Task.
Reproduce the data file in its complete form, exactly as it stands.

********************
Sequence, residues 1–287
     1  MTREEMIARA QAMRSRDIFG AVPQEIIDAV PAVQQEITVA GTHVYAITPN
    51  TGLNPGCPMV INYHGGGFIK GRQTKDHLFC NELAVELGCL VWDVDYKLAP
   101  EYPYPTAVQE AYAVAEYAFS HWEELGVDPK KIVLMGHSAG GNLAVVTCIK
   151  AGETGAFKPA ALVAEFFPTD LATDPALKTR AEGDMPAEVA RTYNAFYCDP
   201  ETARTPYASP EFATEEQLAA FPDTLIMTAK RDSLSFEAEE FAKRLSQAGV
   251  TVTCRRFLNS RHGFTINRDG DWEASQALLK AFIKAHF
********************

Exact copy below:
Sequence, residues 1–287
     1  MTREEMIARA QAMRSRDIFG AVPQEIIDAV PAVQQEITVA GTHVYAITPN
    51  TGLNPGCPMV INYHGGGFIK GRQTKDHLFC NELAVELGCL VWDVDYKLAP
   101  EYPYPTAVQE AYAVAEYAFS HWEELGVDPK KIVLMGHSAG GNLAVVTCIK
   151  AGETGAFKPA ALVAEFFPTD LATDPALKTR AEGDMPAEVA RTYNAFYCDP
   201  ETARTPYASP EFATEEQLAA FPDTLIMTAK RDSLSFEAEE FAKRLSQAGV
   251  TVTCRRFLNS RHGFTINRDG DWEASQALLK AFIKAHF